Gory and stylistic, “Mandy” is a sometimes-clunky thrill ride that is not for the faint of heart.
It is very often that I find the fault of a movie embedded in its pacing issues. Most of the time, a movie comes to a close too quickly, but in some cases, it feels too long. I anticipate that many moviegoers will have this same critique about “Mandy” (2018) by Panos Cosmatos. “Mandy’s” first act in particular is characterized by excruciatingly slow scenes, some of which take up to 10 or 15 minutes. However, “Mandy” uses additional characteristics that make the entire viewing experience an unforgettable one.
“Mandy’s” uses of stylistic techniques are completely original, and yet they feel familiar. The color scheme is harsh and unforgiving; almost every scene incorporates black, red and blue, giving the film a dark, grit-your-teeth-until-they-bleed aesthetic that matched its tone. The production is beautiful, and every shot is a composition that could live in a museum. This, accompanied with the drawn-out pacing of the film, felt exceptionally relieving, like a breath of fresh, unhurried air. With the current attention- (and money-) grabbing blockbusters from large studios like Marvel and Disney that seem too cautious to ever release a film that fully develops interesting shots, it is inspiring to see a movie like this get a theatrical release, albeit a limited one.
This film features Nicolas Cage as Red, the main character, and Andrea Riseborough as Mandy, his girlfriend. The first act develops the main characters, as well as the antagonists, a group of hippie cult members led by Jeremiah (Linus Roache). When Jeremiah sees Mandy, he orders his cult members to capture her and tries to seduce her into joining him. When she refuses, he becomes angry and kills her, burning her in front of Red.
This first act was met by many of the other moviegoers with silence —nobody knew how to respond. The first 30 minutes of this act was paced very slow, and since we did not know the characters well enough, it seemed a bit out of place. However, what kept me going was the breathtaking cinematography, the stylistic choices like the color palette and lighting and the acting, which was elusively minimal, sometimes to the point of being creepy.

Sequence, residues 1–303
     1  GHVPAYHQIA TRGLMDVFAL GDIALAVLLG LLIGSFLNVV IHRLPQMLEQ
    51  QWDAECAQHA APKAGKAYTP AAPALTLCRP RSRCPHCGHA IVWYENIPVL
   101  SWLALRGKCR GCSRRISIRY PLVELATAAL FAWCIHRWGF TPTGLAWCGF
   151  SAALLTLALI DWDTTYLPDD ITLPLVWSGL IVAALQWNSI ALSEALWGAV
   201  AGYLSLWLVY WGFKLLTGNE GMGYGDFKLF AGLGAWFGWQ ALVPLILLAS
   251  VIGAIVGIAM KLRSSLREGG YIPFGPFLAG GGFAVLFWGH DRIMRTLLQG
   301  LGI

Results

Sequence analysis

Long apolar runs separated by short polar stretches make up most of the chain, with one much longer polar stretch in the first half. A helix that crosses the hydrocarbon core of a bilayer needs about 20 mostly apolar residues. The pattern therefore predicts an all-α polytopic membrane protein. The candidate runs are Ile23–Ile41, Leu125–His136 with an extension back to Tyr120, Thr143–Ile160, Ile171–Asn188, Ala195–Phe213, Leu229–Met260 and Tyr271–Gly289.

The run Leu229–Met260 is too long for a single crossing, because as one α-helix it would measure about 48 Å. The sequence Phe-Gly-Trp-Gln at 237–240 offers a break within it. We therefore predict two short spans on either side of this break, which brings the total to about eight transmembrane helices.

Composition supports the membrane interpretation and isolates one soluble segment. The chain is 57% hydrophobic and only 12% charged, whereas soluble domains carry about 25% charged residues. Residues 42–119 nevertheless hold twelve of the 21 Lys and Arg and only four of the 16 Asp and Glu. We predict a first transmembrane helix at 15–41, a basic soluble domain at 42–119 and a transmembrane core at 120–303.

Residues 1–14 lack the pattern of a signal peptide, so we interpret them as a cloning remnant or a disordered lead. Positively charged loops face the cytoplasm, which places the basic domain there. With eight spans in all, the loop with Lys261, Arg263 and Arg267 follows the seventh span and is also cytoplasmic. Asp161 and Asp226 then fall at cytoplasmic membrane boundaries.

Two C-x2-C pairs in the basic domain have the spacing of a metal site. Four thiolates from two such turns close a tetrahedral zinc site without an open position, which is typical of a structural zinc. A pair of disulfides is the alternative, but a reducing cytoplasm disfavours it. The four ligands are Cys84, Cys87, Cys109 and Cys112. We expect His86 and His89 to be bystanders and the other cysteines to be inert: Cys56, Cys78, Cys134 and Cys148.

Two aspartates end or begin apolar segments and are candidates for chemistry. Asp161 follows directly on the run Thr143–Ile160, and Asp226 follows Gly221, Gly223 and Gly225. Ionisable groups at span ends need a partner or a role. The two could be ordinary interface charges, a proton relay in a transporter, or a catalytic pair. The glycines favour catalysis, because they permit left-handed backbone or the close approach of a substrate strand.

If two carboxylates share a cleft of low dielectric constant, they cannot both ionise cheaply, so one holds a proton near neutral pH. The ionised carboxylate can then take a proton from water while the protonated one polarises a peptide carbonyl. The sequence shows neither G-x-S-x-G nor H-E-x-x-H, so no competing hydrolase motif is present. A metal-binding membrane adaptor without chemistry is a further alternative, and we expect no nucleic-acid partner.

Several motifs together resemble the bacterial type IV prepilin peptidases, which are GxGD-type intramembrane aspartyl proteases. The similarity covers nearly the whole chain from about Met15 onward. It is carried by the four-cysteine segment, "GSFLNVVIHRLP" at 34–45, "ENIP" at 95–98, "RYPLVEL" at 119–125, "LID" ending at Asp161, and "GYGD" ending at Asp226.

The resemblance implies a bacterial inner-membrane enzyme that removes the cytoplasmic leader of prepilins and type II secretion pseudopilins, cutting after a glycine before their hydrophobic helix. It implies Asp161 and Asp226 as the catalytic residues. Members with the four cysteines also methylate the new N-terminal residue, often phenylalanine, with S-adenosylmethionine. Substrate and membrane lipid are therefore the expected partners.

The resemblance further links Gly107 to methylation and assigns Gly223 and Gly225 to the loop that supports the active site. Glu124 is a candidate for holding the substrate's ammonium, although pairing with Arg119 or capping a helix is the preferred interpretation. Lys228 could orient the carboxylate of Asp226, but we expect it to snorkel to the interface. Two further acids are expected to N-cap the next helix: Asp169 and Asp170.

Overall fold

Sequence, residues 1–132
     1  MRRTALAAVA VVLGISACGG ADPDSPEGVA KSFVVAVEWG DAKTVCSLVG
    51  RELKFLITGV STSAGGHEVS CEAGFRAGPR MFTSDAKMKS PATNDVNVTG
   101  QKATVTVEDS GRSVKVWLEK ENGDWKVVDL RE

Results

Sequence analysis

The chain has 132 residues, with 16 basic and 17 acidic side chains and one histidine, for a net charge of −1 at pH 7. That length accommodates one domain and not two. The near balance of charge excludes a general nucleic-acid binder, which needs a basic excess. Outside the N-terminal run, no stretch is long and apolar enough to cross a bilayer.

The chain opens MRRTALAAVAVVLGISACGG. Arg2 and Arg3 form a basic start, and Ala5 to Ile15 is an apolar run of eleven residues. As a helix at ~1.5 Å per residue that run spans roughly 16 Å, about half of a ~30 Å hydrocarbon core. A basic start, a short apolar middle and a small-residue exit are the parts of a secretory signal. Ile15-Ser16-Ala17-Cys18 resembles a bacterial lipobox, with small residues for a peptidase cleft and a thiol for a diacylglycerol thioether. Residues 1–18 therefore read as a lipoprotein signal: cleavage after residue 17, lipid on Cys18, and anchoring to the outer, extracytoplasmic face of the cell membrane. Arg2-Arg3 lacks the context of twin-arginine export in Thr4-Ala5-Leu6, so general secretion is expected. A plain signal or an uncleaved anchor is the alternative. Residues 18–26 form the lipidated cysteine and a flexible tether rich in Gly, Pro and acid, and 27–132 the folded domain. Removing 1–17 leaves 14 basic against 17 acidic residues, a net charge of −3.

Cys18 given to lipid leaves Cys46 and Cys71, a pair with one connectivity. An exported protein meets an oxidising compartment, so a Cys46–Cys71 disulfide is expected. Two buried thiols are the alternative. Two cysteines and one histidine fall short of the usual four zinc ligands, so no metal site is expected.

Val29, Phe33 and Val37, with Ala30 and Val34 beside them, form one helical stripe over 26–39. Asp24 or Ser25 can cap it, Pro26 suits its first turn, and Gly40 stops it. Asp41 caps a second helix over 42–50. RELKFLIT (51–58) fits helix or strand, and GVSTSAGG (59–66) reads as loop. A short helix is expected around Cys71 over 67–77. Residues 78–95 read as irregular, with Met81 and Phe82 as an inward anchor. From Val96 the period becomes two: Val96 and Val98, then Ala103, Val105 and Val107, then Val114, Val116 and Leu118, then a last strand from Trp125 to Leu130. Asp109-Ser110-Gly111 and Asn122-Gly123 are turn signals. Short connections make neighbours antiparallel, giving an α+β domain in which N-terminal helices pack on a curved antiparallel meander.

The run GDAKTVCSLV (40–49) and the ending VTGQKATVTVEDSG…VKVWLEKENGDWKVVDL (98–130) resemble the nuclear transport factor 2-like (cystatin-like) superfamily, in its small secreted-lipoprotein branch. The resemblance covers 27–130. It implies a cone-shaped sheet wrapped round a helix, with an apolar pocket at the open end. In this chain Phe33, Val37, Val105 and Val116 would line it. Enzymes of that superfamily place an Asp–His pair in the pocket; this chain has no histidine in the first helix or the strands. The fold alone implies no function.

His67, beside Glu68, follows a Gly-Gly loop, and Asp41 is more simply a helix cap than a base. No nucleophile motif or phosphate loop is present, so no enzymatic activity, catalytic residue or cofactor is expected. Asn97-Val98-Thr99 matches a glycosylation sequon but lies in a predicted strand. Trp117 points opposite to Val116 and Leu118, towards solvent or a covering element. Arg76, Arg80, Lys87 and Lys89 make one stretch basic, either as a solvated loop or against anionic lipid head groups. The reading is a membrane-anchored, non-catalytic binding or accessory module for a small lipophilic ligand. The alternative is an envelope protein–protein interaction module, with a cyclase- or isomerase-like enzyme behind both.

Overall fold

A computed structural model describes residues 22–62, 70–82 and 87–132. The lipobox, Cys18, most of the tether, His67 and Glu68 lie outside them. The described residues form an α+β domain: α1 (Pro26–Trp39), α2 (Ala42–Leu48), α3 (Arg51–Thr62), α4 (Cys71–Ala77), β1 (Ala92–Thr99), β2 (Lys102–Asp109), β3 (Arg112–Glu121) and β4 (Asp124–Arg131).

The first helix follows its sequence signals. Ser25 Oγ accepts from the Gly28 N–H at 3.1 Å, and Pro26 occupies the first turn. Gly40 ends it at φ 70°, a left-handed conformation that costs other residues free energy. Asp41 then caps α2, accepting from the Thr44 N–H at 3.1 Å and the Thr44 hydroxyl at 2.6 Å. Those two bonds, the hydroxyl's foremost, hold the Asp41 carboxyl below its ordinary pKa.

The second act is where this film finally picks up the pace and begins to resemble more fast-paced films: Red, filled with rage, tracks down the “Black Skulls,” three ominous humanoids that the cult had hired to kill Mandy. After getting captured, then killing them, Red consumes experimental LSD, which the Black Skulls lived on, and hallucinates a tower on a hill. He finds the hill and interrogates a chemist, who then tells him the location of the cult.
This act was extremely entertaining and fulfilling because I finally understood the meaning of this film. It was not meant to be taken seriously, its purpose was to revel in the irony of its purported seriousness.The film is aware of its comedic seriousness, as is evident by Red nonchalantly snorting a line of crack after killing one of the Black Skulls. From then on, this film was fantastic. The pacing quickened, the style was still present but more bearable and the scenes, although still drawn out, were now met with laughter by the other moviegoers.
The final act centered on Red’s revenge. As if in a video game, axe-wielding Red walks up to the “final boss battle” as an intense droning metal guitar track plunges into our hearts. This sent shivers down my spine, and I knew the rollercoaster of a film was at its final ascension. After killing most of the cultists, Red finds Jeremiah, and after a lengthy monologue, crushes his head in his bare hands. Afterward, Red sets the entire church ablaze and leaves it in an epic fashion. Finally, he sits in his car and looks over to the passenger seat, where we see he is hallucinating Mandy there with him. She is beautiful and carefree, and he is deranged. The film ends as he drives off, the atmosphere around him alien and warped, much like the entire film.
It isn’t perfect, nor is it going to please most people. But this film is a shining example of expectation-based value. That is, if you watch it with the expectation that it will be cohesive, serious and realistic, you won’t appreciate it. Only when you accept that this film is trying to have fun with you as you watch it can you fully understand it in all of its glory, comedy and beauty. That is the purpose of “Mandy.”